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38 Weeks Pregnant: Week by Week Pregnancy

Symptoms, Tips and Fetal Development


You’re 38 weeks pregnant, what’s known as early term. Learn what you might experience during the 38th week of pregnancy.

Baby at 38 weeks pregnant

At 38 weeks, your baby is about seven pounds and 20 inches long. S/he is producing more surfacant to prevent the air sacs in the lungs from sticking to each other when breathing begins. Your baby only needs to shed some vernix – the greasy coating protecting the skin – and lanugo, the downy hair dusting the body, and his/her in-utero look will soon be a thing of the past. 

Although your baby is running out of room inside your belly, you should still feel regular movements. If you don't notice movement, call your healthcare provider.

Of course you won’t be surprised to know that your baby’s brain and nervous system are working better every day! This development continues throughout childhood and even into the teenage years.

Your body at 38 weeks pregnant

Get this: your uterus has increased 20 times in weight since before you were pregnant. It now weighs about 2.5 pounds and has stretched to hold your baby, the placenta, and almost a quart of amniotic fluid.

You’re probably seeing your care provider every week until the baby comes. A routine pelvic exam is not typically part of this checkup, but your doctor might do one to check your cervix if s/he thinks you’re in the early signs of labor.

pregnancy week 38 embryo
Weekly development of a human fetus at 38 weeks pregnant.

Speaking of labor, when you're 38 weeks pregnant every single pain and twinge can feel like the start of labor. It's common to feel impatient, but remember that the baby will arrive when s/he's ready!

Many women report feeling weak from low blood sugar at this stage in their pregnancies. This is because your baby at 38 weeks pregnant is taking glucose from your bloodstream. If you're not feeling well, make sure to keep your blood sugar up by keeping a stash of healthy snacks nearby.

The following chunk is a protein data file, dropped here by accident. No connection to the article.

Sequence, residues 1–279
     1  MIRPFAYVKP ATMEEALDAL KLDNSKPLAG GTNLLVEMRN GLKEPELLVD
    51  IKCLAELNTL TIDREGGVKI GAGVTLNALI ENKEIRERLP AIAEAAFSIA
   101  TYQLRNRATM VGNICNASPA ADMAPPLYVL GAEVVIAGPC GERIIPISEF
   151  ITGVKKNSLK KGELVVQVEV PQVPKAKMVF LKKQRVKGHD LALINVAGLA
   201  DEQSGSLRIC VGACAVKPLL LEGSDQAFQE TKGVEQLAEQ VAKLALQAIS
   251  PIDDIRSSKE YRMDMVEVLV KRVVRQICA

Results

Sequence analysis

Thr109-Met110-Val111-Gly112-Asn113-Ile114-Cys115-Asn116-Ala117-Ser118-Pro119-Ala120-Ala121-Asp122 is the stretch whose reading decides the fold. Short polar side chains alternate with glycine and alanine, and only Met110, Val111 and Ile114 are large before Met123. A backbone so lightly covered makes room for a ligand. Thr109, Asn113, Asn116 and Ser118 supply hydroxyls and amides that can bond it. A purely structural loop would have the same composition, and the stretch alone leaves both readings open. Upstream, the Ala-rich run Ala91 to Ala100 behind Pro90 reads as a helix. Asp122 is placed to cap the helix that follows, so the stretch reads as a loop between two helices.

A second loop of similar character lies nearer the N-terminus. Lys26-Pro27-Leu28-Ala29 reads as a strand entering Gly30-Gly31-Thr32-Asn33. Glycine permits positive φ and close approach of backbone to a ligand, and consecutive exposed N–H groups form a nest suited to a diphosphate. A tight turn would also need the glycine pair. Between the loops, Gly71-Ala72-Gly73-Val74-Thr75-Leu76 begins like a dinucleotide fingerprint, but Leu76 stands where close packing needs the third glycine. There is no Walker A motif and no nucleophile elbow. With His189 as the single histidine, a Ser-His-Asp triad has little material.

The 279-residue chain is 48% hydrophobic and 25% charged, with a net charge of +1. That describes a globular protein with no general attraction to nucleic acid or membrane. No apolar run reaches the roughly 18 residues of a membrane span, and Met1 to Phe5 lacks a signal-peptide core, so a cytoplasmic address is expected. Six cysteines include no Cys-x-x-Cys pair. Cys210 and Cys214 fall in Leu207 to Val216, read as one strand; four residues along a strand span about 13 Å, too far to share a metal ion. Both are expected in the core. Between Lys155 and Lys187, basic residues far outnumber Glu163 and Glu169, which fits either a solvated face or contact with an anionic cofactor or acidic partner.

38 weeks is how many months pregnant? 

At this stage in your pregnancy, you're nine months two weeks (9m2w) pregnant. 

How big is my baby at 38 weeks pregnant?

a winter melon, which is roughly the size of a week 38 human embryo

At 38 weeks pregnant, your baby is the size of a winter melon, measuring 19.5 inches long and weighing close to seven pounds on average.

Common symptoms at 38 weeks pregnant

These are some of the most common symptoms women report at 38 weeks pregnant.

  • Increased vaginal discharge: You may notice more vaginal discharge than normal. Thick discharge or stringy mucus that’s clear, pink, and tinged with blood is common in the weeks before labor.
  • Loss of the mucus plug: As the cervix thins and relaxes in preparation for labor, you may lose the mucus plug that’s been in place at the cervical opening to help keep bacteria from getting into your uterus. If this happens you could notice a jelly-like plug and/or heavy discharge come from your vagina. Surprisingly, the loss of mucus plug and the beginning of labor aren’t directly related; it doesn’t mean that labor is imminent. You can lose the plug two weeks before labor starts, immediately before, or anytime in-between.
  • Heartburn and constipation: Your poor digestive system is under literal pressure from the weight of your belly. This can cause heartburn and constipation, although it may lessen if the baby drops and takes some of the pressure off of your stomach.